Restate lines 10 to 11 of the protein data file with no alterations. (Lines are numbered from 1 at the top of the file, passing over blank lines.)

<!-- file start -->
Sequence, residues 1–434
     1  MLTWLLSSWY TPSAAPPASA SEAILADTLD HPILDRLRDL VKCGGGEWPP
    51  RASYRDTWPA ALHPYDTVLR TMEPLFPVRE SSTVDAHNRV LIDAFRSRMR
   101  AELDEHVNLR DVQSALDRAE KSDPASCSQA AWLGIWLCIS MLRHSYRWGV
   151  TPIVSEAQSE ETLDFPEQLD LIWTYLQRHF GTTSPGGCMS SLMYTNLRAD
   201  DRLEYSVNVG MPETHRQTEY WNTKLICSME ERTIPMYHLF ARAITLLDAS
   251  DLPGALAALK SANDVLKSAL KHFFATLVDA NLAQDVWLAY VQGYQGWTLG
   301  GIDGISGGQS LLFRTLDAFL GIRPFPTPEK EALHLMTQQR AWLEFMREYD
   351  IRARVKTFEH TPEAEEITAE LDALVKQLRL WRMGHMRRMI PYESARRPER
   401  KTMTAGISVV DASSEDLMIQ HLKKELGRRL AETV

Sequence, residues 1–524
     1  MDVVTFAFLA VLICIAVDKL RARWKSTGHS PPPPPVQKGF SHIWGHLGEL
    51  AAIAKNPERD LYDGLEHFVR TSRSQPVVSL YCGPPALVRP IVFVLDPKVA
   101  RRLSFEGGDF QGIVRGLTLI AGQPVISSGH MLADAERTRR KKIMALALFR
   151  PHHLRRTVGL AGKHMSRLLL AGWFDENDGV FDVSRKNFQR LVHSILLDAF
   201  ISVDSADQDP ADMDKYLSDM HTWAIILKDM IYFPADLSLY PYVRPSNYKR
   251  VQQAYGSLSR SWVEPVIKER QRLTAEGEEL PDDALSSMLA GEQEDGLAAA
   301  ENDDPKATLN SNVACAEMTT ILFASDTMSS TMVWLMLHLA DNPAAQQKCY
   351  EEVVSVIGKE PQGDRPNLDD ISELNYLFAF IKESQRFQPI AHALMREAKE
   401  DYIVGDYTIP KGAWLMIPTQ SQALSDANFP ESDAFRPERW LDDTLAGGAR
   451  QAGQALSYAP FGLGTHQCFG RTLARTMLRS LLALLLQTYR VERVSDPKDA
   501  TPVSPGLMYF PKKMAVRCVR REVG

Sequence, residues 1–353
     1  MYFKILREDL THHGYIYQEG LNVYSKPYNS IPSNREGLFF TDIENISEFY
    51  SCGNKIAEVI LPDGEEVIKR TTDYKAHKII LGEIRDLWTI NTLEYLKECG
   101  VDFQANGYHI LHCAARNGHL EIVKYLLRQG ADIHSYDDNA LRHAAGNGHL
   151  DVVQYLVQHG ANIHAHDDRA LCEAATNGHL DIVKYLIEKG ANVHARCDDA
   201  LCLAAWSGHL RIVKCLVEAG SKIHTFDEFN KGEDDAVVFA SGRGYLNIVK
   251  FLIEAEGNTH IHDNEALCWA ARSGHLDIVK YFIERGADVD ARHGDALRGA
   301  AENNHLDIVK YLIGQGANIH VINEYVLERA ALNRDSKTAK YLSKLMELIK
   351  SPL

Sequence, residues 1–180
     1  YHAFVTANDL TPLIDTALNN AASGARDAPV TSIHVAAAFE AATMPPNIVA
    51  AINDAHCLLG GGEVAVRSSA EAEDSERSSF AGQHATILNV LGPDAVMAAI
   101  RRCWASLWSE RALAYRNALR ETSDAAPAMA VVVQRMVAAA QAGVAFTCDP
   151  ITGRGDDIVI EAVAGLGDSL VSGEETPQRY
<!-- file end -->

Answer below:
   401  KTMTAGISVV DASSEDLMIQ HLKKELGRRL AETV

Sequence, residues 1–524